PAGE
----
Two of the main ways that populations interact with one another is by competition and
by predation. In competition, individuals seek to obtain the same environmental resource.
In predation, one population is the resource of the other.
One can conceptualize competition as occurring horizonatally on the same resource
level, while predation takes place vertically between different resource levels.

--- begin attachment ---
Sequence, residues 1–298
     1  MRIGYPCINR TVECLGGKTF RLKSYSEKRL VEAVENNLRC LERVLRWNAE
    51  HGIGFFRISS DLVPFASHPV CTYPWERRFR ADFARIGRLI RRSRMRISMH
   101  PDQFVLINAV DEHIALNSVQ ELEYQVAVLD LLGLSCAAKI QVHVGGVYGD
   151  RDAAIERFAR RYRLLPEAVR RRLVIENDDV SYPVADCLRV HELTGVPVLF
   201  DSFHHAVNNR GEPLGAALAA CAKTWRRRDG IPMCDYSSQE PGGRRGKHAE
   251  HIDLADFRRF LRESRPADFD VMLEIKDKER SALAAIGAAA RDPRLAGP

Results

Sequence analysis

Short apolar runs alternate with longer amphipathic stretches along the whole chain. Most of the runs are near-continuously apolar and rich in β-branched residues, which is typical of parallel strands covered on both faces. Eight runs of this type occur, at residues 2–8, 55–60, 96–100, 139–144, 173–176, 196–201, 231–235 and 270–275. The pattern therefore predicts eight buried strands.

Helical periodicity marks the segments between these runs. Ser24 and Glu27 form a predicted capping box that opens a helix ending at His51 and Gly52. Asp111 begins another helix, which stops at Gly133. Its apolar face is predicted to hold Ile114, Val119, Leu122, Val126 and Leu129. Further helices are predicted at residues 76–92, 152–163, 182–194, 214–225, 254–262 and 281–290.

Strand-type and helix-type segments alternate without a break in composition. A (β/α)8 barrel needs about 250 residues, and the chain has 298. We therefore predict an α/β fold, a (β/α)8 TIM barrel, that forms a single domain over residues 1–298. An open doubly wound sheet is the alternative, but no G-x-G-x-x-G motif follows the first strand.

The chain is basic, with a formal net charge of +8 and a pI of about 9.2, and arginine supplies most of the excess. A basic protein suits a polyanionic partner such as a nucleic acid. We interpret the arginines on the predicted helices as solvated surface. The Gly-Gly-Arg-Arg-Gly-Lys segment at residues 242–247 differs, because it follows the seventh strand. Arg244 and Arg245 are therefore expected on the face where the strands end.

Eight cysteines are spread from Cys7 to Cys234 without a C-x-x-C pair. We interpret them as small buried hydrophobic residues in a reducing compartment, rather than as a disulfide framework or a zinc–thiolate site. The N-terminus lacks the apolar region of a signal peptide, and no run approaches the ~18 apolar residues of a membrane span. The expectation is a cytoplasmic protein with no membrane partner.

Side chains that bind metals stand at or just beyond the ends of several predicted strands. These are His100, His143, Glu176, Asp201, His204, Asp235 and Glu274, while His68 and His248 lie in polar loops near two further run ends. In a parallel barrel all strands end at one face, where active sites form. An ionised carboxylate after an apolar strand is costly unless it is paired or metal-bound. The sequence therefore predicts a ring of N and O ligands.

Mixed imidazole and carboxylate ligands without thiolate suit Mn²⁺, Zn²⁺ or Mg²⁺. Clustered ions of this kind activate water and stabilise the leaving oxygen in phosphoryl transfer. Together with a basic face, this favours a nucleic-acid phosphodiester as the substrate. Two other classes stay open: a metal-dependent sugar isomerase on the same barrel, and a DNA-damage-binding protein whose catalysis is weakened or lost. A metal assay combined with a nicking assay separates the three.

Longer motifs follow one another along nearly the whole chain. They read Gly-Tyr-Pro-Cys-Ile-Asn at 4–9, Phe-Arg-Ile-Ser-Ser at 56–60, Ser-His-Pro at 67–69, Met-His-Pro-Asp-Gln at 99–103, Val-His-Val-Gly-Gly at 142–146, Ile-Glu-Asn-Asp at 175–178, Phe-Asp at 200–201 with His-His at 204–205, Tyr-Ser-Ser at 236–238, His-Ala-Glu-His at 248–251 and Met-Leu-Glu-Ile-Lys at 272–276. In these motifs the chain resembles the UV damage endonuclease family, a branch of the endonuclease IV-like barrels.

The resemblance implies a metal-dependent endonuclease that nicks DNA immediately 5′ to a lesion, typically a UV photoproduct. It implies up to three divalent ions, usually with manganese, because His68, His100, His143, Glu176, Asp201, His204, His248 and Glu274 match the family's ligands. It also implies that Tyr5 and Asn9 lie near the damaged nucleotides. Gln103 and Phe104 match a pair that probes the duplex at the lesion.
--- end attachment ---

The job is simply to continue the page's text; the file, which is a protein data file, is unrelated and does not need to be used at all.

Competition and predation comprise environmental pressures on the interacting populations. The
coexistence of populations under competition and predation indicates that these populations have
accomodated themselves to each other's presence and have evolved ways to survive in spite
of the pressures. In other words, they have coevolved.
In this section, we will see how competition and predation both hinder and benefit populations
and look at evidence for coevolution.